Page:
By Nihit Nagpal and Anuj Jhawar
The Supreme Court of India in Satender Kumar Antil v. Central Bureau of Investigation dated October 7, 2021, issued guidelines for granting bail after the filing of charge sheet and held the trial courts are not precluded from granting interim relief considering the conduct of the accused during the probe.
The requisite conditions for these guidelines to be applicable are as follows:
- Accused is not arrested during the investigation.
- Accused has cooperated throughout the investigation including appearing before the Investigating Officer whenever called.
Note: If these requisite conditions are not met, then these guidelines will not be applicable when the bail application is being considered.
The Apex Court has classified the offences by type into four categories for the purposes of these guidelines:
|Categories||Types of Offences|
|Category A (General Offences)||Offences punishable with imprisonment of 7 years or less not falling in category B & D.|
|Category B (Heinous Offences)||Offences punishable with death, imprisonment for life, or imprisonment for more than 7 years.|
|Category C (Special Offences)||Offences punishable under Special Acts containing stringent provisions for bail like NDPS [Section 37] , PMLA [Section 45] , UAPA [Section 43D (5)] , Companies Act, [Section 212 (6)] , etc.|
|Category D (Economic Offences)||Economic offences not covered by Special Acts.|
The guidelines and procedure laid down by the Supreme Court of India are as follows:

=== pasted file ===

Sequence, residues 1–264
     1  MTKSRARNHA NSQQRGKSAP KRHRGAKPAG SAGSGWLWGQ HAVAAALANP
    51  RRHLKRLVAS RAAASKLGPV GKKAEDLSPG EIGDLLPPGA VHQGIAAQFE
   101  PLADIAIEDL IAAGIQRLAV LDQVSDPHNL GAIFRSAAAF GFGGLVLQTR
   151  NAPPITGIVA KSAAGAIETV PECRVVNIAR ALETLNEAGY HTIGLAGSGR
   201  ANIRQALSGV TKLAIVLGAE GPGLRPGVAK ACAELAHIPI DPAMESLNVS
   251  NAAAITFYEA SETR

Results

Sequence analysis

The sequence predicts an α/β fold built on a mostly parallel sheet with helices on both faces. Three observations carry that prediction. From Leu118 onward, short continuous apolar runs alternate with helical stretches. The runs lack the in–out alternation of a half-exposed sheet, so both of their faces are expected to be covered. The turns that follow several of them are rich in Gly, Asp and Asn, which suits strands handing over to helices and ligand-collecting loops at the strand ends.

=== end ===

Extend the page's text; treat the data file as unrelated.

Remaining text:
Category A (General Offences)
After the charge-sheet is filed or the cognizance of complaint has been taken:
- Court will issue ordinary summons at the first instance (including permitting appearance through lawyer).
- If despite service of the summons, the accused does not appear, then Bailable Warrant for physical appearance may be issued.
- If the accused still fails to appear, then a Non-Bailable Warrant may be issued.
- If the accused moves an application before the Non-Bailable Warrant is executed with the undertaking in the application that the accused will appear physically on the next date(s) of hearing, then the Court may cancel the Non-Bailable Warrant or convert it into either a Bailable Warrant or a Summon, without insisting physical appearance of the accused.
- Court may decide the bail application of the accused on appearance without taking the accused in physical custody or by granting interim bail till the bail application is decided.
Category B/D (Heinous Offences/ Economic Offences)
On appearance of the accused in Court pursuant to any process issued, the bail application of the accused is to be decided on merits.
Category C (Special Offences)
The same condition as that for Categories B and D, along with an additional condition, i.e., after the appearance of the accused in Court, their bail application is to be decided on merits and in compliance of the specific conditions/provisions of bail provided under the Special Acts containing stringent provisions for bail like NDPS [Section 37], PMLA [Section 45], UAPA [Section 43D (5)], Companies Act, [Section 212 (6)], etc.
These guidelines issued by the Supreme Court of India needed as a direction for lower courts, when it comes to grant of the bail to the accused, when the accused has been cooperative during the investigation.
2 Section 37 – Offences to be cognizable and non-bailable.
3Section 45 – Offences to be cognizable and non-bailable.
4UAPA Section 43D (50) – Person accused of an offence punishable under Chapters IV and VI of this Act shall, if in custody, be released on bail or on his own bond unless the Public Prosecutor has been given an opportunity of being heard on the application for such release.
5Section 212 (6) – If, for any reason, the Board of directors of the holding company is unable to obtain information on any of the matters required to be specified by sub- section (4), a report in writing to that effect shall be attached to the balance sheet of the holding company.